But even if there was an actual “invasion or rebellion” and public safety required DU30 to proclaim Martial Law, it would not suspend the operation of the Constitution and the requirement of due process. Were the privilege of the writ of habeas corpus suspended and the military and the police went around arresting people without warrant, those arrested or detained would have to be released unless they were judicially charged in three days.
Sereno clams up
The President’s outburst has compelled Sereno to “clam up,” said the press. In an obvious effort to stay on DU30’s good side, the High Court announced its own investigation of the judges on his hit list. Retired Justice Roberto Abad was asked to do the job. This is an executive function which the SC, as a trier of law rather than of facts, has now decided to exercise, apparently to prevent any souring of relations with the President, and possibly stay any punitive move against the Chief Justice.
But it does not settle the Bill of Rights issue she had raised, which she now appears to have interred, for the sake of career safety, inside the tomb of missed opportunities. Many thought that in taking up the issue of “no arrest without warrant,” Sereno had found the courage to perform a signal service to the Constitution and the rule of law, which only Archbishop Villegas and Senator De Lima had seemed willing to do before her. Many were prepared to gloss over the fact that she tried to limit her intervention to the case of the four to seven judges only, instead of speaking for all who deserve to be protected by the same due process. But she has apparently decided not to persist.
Will others stand up?
In this nation of lawyers, how many justices, judges, law deans, law professors, law practitioners, students of law and plain laymen will now stand up where she has decided to beg off? The Bill of Rights is the cornerstone of our Constitution; it precedes our constitutional history by nearly 800 years.
This political document began at Runnymede, England on June 15, 1215 when King John signed the Magna Carta (the Great Charter) which proclaimed that “everybody, including the King, was subject to the law.”
The 39th of its 63 clauses guaranteed “the right of free men to justice and a fair trial.” In 1791, the Bill of Rights found its way into the US Constitution through James Madison; then into the Universal Declaration of Human Rights (1948), then into the European Convention of Human Rights (1950), and the Constitutions of many nations, including our own.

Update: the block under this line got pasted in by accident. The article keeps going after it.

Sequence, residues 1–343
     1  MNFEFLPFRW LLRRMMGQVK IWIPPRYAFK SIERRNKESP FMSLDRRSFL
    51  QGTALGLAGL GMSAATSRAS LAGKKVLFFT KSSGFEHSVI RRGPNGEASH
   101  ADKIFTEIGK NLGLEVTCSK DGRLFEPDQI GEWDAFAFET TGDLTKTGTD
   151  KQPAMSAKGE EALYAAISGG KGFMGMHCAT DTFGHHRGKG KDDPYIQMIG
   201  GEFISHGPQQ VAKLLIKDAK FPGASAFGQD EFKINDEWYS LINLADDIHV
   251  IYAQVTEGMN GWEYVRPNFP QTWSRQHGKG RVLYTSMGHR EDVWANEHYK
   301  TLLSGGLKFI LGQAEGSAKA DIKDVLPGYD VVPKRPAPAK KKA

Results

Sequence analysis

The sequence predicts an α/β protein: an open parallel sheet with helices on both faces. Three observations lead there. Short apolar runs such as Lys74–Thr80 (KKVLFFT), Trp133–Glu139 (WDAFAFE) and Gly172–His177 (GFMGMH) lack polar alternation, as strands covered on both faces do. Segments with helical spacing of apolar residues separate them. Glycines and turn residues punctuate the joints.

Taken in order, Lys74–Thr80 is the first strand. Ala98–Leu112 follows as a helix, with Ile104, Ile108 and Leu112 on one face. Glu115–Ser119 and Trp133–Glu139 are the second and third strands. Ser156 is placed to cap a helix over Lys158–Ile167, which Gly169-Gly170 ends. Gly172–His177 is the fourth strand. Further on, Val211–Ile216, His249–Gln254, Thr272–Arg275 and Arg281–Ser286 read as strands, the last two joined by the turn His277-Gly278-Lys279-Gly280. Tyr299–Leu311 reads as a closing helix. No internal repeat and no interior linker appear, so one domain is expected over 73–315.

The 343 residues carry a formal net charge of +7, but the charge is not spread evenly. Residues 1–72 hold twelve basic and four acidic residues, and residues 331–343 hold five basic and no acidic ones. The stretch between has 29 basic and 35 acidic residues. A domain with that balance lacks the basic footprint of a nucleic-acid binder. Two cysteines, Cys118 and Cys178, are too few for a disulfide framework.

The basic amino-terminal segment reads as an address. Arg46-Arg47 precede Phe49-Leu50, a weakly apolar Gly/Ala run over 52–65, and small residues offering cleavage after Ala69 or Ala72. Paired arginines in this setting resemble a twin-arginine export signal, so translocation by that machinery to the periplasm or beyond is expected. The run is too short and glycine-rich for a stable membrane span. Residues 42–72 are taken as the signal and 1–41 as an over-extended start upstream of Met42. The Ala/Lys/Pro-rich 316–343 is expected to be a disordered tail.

The Bill of Rights as a checklist
Aside from the two sections previously quoted, the Bill of Rights provides for the following, among others:
Sec. 12 (1) Any person under investigation for the commission of an offense shall have the right to be informed of his right to remain silent and to have competent and independent counsel preferably of his own choice. If the person cannot afford the services of counsel, he must be provided with one. These rights cannot be waived except in writing and in the presence of counsel.
(2) No torture, force, violence, threat, intimidation, or any other means, which vitiate the free will, shall be used against him. Secret detention places, solitary, incommunicado, or
other similar forms of detention are prohibited.
(3) Any confession or admission obtained in violation of this or Sec. 17 hereof shall be
inadmissible in evidence against him.
(4) The law shall provide for penal and civil sanctions for violations of this section, as well as compensation to and rehabilitation of victims of torture or similar practices, and their families.
Sec. 13. All persons, except those charged with offenses punishable by reclusion perpetua when evidence of guilt is strong, shall before conviction, be bailable by sufficient sureties, or be released on recognizance as may be provided by law. The right to bail shall not be impaired even when the privilege of the writ of habeas corpus is suspended. Excessive bail shall not be required.
Sec. 14. (1) No person shall be held to answer for a criminal offense without due process of law.
(2) In all criminal prosecutions, the accused shall be presumed innocent until the contrary is proved, and shall enjoy the right to be heard by himself and counsel, to be informed of the nature and cause of the accusation against him, to have a speedy, impartial, and public trial, to meet the witnesses face to face, and to have compulsory process to secure the attendance of witnesses and production of evidence in his behalf. However, after arraignment, trial may proceed, notwithstanding the absence of the accused, provided that he has been duly notified and his failure to appear is unjustifiable.
Sec. 17. No person shall be compelled to be a witness against himself.
Sec. 19. (1)Excessive fines shall not be imposed, nor cruel, degrading or inhuman punishment inflicted. Neither shall death penalty be imposed, unless, for compelling reasons involving heinous crimes, the Congress hereafter provides for it. Any death penalty already imposed shall be reduced to reclusion perpetua.
(2) The employment of physical, psychological, or degrading punishment against any prisoner or detainee or the use of substandard or inadequate penal facilities under subhuman conditions shall be dealt with by law.
These provisions provide a valuable checklist in judging DU30’s war on drugs. One does not have to be a lawyer to do this. And the President should be the first one to know that we are not trying to promote criminal slaughter or instigate a constitutional crisis by pointing out where due process is not being observed. We are simply trying to prevent it.